Now, if this feels a little unfair to you – it clearly felt unfair to those who labored all day, as well. They, like us, were part of an economic system that looked down on those who had less wealth or less ability to work. Laziness is the cardinal sin of the American way.
But I want to offer an interpretation of this that might make it make a little more sense.
Do you remember what it was like to be in gym class? Do you remember when we had to pick teams, and there were always the kids that got picked last? (I was one of those kids, btw, which might surprise you given my incredible softball skills, but yes, I was one of those kids.)
Maybe you were too – maybe you remember what it was like to stand there and watch everyone get picked as you stood there, idle.
We can imagine at the marketplace in this ancient city something sort of akin to that. The people who would be “picked first” to work at daybreak, I imagine, were likely the stronger ones, the younger ones, the ones who looked like they could really put in some good work at the vineyard. Or maybe the ones who weren’t taking care of someone sick at home, or children at home, so they could get up early and be available to work.
As the day goes on, more people are picked up by various landowners looking for laborers. And as the end of the day draws near, the only people who might still be looking for work are those who are maybe scrawny, or disabled, or weren’t able to come earlier for work because of commitments at home. The people who were used to *not* being paid a full days wage because they were never given the opportunity to earn it.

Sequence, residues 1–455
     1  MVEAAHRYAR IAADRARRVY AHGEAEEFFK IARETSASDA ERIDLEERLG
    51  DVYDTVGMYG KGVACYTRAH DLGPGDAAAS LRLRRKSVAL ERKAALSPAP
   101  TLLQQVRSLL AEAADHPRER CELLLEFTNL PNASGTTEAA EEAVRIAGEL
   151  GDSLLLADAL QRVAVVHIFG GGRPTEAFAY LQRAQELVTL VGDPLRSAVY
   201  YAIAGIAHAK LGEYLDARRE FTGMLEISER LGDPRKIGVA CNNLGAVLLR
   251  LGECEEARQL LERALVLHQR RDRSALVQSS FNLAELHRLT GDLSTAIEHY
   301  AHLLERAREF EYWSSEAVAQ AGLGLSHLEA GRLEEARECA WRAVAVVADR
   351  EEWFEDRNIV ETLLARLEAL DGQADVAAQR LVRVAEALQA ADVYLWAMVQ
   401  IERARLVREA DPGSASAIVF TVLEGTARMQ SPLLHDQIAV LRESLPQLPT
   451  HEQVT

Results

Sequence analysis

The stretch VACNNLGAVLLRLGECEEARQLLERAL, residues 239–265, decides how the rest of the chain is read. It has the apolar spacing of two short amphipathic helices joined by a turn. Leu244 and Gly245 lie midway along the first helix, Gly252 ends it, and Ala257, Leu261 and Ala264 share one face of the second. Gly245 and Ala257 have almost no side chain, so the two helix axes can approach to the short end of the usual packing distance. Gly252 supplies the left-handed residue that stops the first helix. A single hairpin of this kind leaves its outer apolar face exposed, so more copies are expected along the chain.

In the parable, the landowner doesn’t seem to mind this. He continues to hire people throughout the day, even those who probably can’t do the work quite as well as the others.
And then he pays them. He pays them all the same wage. And is disappointed, maybe even a little shocked, when those who were more able-bodied and hireable were angrier that they didn’t get a bonus than they were happy for their neighbors who perhaps earned a full days wage with dignity for the first time in their lives.
This is an ancient parable but it’s so human, and it still happens today. I think about arguments this nation has had over welfare for those living in poverty, and this insanity of people with means being so concerned that – god forbid! – someone who is lazy might benefit from such a system, therefore “cheating” those who have been blessed with more resources. Or the debate around student loan forgiveness, and the idea that somehow people who had had the ability to pay off their loans would somehow be being “cheated” if others had their loans forgiven.
This is baked into the culture of our time, and it was baked into the culture in the time of Jesus, too: This idea that resources are so scarce that we have to fight to get as much as we can and hold on to it tightly.
But that’s not the way things work in God’s economy, and it’s what we’re called to live into as much as we can here on earth. We are called to live and share as generously as God has shared with us, to hold what we own lightly because we know that all we have belongs to God and comes from God and we are only stewards of it very briefly.
It is through this that we find, like the ancient Hebrew people, true freedom. Thanks be to God.